The clouds that protected us when we left Mitzrayim during the month of Nissan departed when we sinned with the Golden Calf. They did not return until after our teshuvah was accepted. It was on Yom Kippur that Moshe Rabbeinu returned from interceding on our behalf for forty days. The next day, he gathered all of Am Yisroel and related the commandment to build a Mishkon. It took a few days to gather the material, and on the 15th day of Tishrei, they began to work on crafting the Mishkon. It is for this reason, the Vilna Gaon writes, that we celebrate Sukkos in Tishrei.

Since it is the return of the Ananim to Klal Yisroel that we celebrate with our sukkos, they contain an extra measure of simcha. The return of the Ananim was tied to the acceptance of our teshuvah. That empowers us in moving ahead from the days of Rosh Hashanah, Aseres Yemei Teshuvah and Yom Kippur, as we see the power of teshuvah and tefillah.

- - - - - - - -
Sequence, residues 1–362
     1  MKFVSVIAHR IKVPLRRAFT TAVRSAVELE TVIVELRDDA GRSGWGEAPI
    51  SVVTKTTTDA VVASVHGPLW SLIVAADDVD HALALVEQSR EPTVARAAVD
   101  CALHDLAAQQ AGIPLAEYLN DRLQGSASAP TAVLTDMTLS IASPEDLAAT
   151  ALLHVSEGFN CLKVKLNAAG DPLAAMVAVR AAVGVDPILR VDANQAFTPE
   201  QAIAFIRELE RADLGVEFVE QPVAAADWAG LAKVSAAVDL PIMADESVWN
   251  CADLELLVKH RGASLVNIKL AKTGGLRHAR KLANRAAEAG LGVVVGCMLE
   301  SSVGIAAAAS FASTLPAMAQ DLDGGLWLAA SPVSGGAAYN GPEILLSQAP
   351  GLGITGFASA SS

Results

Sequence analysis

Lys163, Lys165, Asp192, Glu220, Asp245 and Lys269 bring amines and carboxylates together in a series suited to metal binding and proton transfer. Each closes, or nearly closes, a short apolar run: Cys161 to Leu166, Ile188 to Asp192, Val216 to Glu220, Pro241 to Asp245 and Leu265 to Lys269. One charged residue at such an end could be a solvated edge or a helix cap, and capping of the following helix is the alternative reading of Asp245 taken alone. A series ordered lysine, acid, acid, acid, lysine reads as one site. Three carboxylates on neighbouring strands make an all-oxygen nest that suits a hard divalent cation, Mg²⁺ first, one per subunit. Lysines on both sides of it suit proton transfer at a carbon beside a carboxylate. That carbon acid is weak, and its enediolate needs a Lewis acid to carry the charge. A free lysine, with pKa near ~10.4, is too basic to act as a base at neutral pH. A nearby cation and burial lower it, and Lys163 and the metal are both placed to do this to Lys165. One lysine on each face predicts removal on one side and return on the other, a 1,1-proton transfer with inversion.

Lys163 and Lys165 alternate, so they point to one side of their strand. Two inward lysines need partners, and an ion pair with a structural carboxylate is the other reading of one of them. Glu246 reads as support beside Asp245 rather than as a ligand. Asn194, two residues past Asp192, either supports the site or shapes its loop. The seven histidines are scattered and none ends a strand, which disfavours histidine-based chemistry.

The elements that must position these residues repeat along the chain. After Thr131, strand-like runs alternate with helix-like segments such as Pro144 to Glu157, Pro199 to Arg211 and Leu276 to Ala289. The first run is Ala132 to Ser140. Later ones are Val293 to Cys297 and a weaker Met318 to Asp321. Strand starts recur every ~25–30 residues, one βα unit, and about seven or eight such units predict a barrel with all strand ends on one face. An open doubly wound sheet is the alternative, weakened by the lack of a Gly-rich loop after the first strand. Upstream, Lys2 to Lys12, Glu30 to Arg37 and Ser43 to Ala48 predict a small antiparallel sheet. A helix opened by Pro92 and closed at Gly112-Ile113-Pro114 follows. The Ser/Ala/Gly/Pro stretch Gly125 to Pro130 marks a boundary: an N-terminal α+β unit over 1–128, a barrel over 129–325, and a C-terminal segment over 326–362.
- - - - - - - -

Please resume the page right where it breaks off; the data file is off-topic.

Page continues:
Just as Am Yisroel was able to come back from the depravity of the sin of the Eigel and merit the Ananei Hakavod, the Mishkon and a home for the Shechinah, so too, in our day, if we return with full hearts, our teshuvah is accepted. Thus, after the Yomim Noraim, we construct the sukkah to  demonstrate our faith that Hashem accepted our repentance and will accept us as He did at this time of this month when the Jews left Mitzrayim.

Our joy is overwhelming as we await the return of the Ananei Hakavod and the Shechinah. We enter the sukkah and praise Hashem “asher bochar bonu mikol am.” We recite the brocha of Shehecheyonu, thanking Hashem for keeping us alive so that we can celebrate this moment.

The Maharal (end of Drasha LeShabbos Hagadol) goes a step further and says that in the merit of us observing mitzvas sukkah on the first day of Sukkos, Hashem will rebuild the Bais Hamikdosh, which is His sukkah in this world.